I noticed that it is really important to create a safe space for learners in the classes. Teachers started their classes by asking everybody how they are doing. After class they asked ”Did everybody get a chance to speak?” so people would feel like they became noticed and their voice is as important as everyone else.

 

The thing I was most impressed about during my period was the strong community-based idea in the centre. The centre is for adult education but at the same time it is so much more! It seems to be a really important meeting-place for people where they can share their joys and sorrows. People of different cultures and ages were friends together and truly wanted to help and encourage each other.

 

I really want to start building a similar culture to the centre where I am currently working. Also peer support was played a really big role among participants in DALC. The really welcoming, warm and caring ambiance makes the empowerment possible.

Travelling to an other country develops you as a human and helps you to see things with different perspectives. DALC does really great and valuable work with a big heart! I was so lucky to get this chance to learn from teachers, meet amazing people and being warmly welcomed.

By Heli Lahtinen who works in an adult support centre in Tampere in Finland – link here: http://www.valo-valmennus.fi 

 

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Coming in the Door to Adult Literacy

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I was driving home one evening when an ad came on the radio about the Dublin Adult Learning Centre.  They just gave a phone number.  I went home that evening.  I thought about it.  I was thinking what would I do when I left work.  Then I thought about it again.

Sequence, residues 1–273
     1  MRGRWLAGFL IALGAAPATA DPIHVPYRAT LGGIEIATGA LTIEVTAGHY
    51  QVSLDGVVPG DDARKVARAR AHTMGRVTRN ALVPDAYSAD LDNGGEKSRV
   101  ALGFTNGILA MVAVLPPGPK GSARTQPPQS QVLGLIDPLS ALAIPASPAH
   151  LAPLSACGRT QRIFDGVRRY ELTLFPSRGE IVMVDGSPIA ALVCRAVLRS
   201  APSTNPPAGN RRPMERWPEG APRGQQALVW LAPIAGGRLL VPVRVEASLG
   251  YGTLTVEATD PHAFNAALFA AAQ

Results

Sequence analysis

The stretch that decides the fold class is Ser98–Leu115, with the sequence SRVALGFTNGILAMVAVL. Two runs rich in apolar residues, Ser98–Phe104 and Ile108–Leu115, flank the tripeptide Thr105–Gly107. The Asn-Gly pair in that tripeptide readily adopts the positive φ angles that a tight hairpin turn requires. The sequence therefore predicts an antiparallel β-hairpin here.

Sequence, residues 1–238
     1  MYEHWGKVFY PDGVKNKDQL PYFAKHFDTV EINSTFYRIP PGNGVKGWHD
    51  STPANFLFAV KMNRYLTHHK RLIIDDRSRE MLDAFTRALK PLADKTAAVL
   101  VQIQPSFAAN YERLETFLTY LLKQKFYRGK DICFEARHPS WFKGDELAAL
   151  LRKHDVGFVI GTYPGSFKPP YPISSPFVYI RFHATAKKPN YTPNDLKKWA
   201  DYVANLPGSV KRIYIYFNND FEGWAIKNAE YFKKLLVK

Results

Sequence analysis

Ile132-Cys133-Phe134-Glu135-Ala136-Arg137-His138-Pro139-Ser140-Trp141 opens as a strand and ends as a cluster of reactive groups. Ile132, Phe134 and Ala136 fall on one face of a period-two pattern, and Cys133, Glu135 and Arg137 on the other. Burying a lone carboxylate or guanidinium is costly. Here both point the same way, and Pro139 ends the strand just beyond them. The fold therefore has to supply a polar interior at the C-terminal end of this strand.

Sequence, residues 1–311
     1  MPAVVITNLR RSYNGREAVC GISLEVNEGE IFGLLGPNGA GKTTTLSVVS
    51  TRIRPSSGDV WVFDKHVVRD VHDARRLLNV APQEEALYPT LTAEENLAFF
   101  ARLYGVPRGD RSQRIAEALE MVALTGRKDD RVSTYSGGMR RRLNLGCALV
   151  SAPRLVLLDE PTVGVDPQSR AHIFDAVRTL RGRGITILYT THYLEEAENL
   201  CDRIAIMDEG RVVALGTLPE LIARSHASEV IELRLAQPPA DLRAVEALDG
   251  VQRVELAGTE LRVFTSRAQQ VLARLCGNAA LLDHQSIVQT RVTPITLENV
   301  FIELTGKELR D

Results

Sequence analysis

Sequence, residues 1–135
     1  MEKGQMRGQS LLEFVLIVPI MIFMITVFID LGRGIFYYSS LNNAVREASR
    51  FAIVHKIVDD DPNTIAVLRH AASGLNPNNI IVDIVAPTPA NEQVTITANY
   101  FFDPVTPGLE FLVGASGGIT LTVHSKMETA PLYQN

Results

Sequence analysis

One week later I picked up the phone and gave them a ring.   The girl was very nice.  I told her about myself.  I was not a good reader or writer or speller.  She said to come along and have a chat with us.  I said when.  She said when it suits you, we are open every day except Saturday and Sunday.

I then went along two days later when I walked up the steps. I got butterflies in my tummy.  The girl came over to me.  She said her name is Colette.  She had a lovely smile.  Then she introduced me to Mary Maher  Then Mary asked me to come in to her office.  My inside shook like a leaf.  We talked for a few minutes.  Then she took a list of words out and asked me to read then.  I was very nervous.

Then she said I will take you down to see Deirdre (tutor).  There were other people there too. I sat down.  The tutor gave me a pen and paper.  I was really nervous.  She sat down beside me and talked to me about the class.  There is nothing to be worried about, she said.

It was the best thing I ever did going there.  Now I am doing a computer class.  There are lots of skills to pick up.  I would recommend it to anyone because all the tutors are very nice.  They are very good at their work.

Written by Martin, a student in DALC